Fortified church Kötzting

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Bad Kötzting fortified church
Kötzting on Philipp Apian's Bavarian country table from 1568

The fortified church Bad Kötzting is located in the Upper Palatinate town of Bad Kötzting in the Cham district in Bavaria (Herrenstrasse 9-13). The fortified church is located on a rocky knoll above the White Rain and is separated from the north-west adjoining place by a semicircular ditch.


The area around Kötzting was part of the newly established Mark Cham in the 11th century. The first documented mention of the place comes from 1073 and refers to the initial furnishing of the Rott monastery , which also included goods in Chostingen . The reason for this mention was probably the marriage of Count Rapoto IV. From Diepolding into the family of the Pilgrimids , who in 1082 had also taken over the office of Count Palatine from the late Kuno von Rott .

A ministerial castle probably only existed here since the middle of the 12th century, because at this time a Hazzo von Kötzting gave his estate in Pitzling (today in Pemfling ) to the Reichenbach monastery . A Meginhardus de Khostingen is documented around 1146. This Meginhard I also appears around 1170 in a Reichenbach tradition with his son Meginhard II as a witness at a delivery of goods. He also appears together with his brother Konrad von Kötzting between 1176 and 1188 in Reichenbacher documents. Since these family members are mentioned frequently, the family should not have been insignificant. Therefore, a castle complex is to be assumed as their ancestral seat here.

With the handover of the Mark Cham in 1204 to the Wittelsbach Duke Ludwig , the Vogteireche von Rott also came to the Wittelsbacher. A church in the place Kötzting is mentioned in a papal document of April 4, 1179. This parish was handed over to the Rott Monastery by the Regensburg Bishop Konrad IV , making Kötzting a monastery parish . In the 13th century, a Schranne and a customs post are also assumed to be in Kötzting , the market rights appear in the first duke's surbar, dated between 1231 and 1237. Due to the increased importance of the place, the first fortification of the cemetery was possibly created, whereby this will have been the inner ring wall with a gate tower, the so-called stork tower . The Karner was probably built around this time , as there was no longer any possibility of expansion for the cemetery. In the 30s of the 14th century, the abbots von Rott received the right to appoint the Vogt von Kötzting at their own discretion. This office was mostly entrusted to lower nobility from the area. Eberhard II von Hohenwarth is named for 1345 , followed by Albrecht der Sattelboger von Liebenstein and in 1360 another Hohenwarther . From 1580, the district judge zu Kötzting took over both the function of bailiff and judge in personal union.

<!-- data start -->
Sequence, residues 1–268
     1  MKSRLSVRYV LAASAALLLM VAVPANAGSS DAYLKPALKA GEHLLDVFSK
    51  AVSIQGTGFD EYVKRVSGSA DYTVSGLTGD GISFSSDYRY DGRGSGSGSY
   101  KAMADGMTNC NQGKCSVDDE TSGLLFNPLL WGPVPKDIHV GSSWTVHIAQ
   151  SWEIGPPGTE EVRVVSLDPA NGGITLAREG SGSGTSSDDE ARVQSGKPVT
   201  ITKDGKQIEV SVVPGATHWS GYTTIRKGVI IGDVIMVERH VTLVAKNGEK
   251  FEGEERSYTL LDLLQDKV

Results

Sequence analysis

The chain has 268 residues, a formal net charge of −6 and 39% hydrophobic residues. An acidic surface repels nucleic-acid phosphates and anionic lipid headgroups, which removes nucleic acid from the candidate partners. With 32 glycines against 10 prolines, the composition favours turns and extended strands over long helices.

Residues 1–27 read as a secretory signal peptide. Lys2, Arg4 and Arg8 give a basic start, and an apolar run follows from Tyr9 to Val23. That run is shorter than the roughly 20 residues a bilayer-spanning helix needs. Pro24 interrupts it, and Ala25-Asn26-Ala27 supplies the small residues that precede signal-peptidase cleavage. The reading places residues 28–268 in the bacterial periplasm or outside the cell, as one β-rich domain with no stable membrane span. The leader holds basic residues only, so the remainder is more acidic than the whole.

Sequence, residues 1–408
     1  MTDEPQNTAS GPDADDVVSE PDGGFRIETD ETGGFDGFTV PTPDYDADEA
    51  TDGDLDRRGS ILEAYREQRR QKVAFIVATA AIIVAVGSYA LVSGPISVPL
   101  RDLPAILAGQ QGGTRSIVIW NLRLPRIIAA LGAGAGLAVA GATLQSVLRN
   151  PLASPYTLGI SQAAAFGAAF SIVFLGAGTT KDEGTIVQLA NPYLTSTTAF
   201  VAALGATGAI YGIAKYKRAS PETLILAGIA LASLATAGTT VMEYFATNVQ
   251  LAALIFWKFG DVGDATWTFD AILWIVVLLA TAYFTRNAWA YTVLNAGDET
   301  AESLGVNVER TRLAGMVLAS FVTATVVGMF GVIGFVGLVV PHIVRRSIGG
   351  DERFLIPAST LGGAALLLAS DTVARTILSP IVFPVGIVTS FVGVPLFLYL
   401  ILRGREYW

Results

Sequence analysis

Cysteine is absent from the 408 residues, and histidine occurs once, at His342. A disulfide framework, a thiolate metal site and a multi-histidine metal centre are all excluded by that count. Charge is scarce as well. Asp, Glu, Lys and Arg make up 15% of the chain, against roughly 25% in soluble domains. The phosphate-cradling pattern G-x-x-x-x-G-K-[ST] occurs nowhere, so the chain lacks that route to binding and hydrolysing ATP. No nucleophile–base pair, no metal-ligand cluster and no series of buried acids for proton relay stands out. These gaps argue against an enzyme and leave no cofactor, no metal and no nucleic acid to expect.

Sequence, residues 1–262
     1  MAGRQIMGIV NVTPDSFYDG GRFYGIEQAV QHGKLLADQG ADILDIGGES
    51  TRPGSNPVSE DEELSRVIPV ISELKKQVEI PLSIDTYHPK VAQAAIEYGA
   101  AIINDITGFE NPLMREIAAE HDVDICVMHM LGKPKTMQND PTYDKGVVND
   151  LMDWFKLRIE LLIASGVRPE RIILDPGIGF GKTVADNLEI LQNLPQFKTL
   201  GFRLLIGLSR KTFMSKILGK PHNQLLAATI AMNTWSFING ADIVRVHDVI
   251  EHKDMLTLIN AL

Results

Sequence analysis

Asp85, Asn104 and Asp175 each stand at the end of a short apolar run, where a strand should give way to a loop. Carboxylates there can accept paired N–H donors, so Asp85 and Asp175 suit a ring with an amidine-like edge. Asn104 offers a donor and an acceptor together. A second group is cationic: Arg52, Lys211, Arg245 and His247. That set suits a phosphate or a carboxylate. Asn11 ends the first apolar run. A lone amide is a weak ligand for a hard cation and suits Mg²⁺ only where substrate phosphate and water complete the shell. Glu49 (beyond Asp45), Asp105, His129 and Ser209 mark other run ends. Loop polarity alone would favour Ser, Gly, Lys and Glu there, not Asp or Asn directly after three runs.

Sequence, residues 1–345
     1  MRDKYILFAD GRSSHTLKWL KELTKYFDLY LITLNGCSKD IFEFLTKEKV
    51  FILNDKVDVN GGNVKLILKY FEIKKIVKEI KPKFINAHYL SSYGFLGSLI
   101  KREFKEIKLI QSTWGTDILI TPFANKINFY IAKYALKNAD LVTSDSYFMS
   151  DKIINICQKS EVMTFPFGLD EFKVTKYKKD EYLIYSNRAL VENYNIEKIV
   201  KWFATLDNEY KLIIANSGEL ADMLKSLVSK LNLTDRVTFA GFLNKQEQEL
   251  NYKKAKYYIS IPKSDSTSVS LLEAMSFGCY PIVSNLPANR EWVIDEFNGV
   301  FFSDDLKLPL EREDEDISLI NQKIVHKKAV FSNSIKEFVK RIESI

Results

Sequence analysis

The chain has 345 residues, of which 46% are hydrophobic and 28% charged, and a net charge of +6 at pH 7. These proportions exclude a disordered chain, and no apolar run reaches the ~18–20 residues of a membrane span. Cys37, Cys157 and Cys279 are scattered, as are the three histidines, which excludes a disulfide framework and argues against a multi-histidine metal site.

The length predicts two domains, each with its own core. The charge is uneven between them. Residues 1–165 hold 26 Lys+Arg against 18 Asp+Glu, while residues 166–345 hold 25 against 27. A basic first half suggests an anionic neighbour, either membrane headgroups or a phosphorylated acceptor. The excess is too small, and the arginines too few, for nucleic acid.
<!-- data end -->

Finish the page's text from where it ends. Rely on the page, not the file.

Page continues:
In 1352 the Cham court with Kötzting was pledged to the Palatinate Wittelsbachers and in 1361 it was partially redeemed to Albrecht I of Lower Bavaria-Straubing-Holland , who only managed to redeem the eastern part of the Cham judicial district with Kötzting. So a new court had to be set up in Kötzting. 1371 is known as the first Kötzingen judge Friedrich Zenger . He was followed by Heinrich Ramsperger in 1388 , Andre Meynczingär in 1407 , Ulrich der Puhelär in 1413 and Ulrich Poschinger in 1414 . The nurse did not reside in Kötzting, but at Castle Sattelpeilnstein . It is not known whether the fortified church was expanded at that time. During the Hussite Wars , 15 riflemen and two rifles were stationed here. In 1424 the unsuccessful negotiations with Bohemian knights took place here and the Viztumamt Straubing gathered 300 riders against the Hussites here in the same year. After the partition agreement of 1429, the Kötzting court also incorporated the Eschlkam area . As a result, the nurse, who now also had the title of captain, moved his official residence to Kötzting. Heinrich Notthaid zu Runding is proven here as such . In 1450 the complex was expanded into a strong fortress. The care castle, the Zwinger with its bastions and the gate tower with the moat in front of it were probably built at that time. Konrad Heuras in 1458 and Pankraz Göttlinger zu Gutmaning in 1461 were attested as captains . After the Hussite Wars, between 1461 and 1480, the Kötzting market was also fortified with ramparts, ditches and palisades . Of the four gatehouses that were created in the village, the so-called Chamer Tor was the last to be demolished in 1836.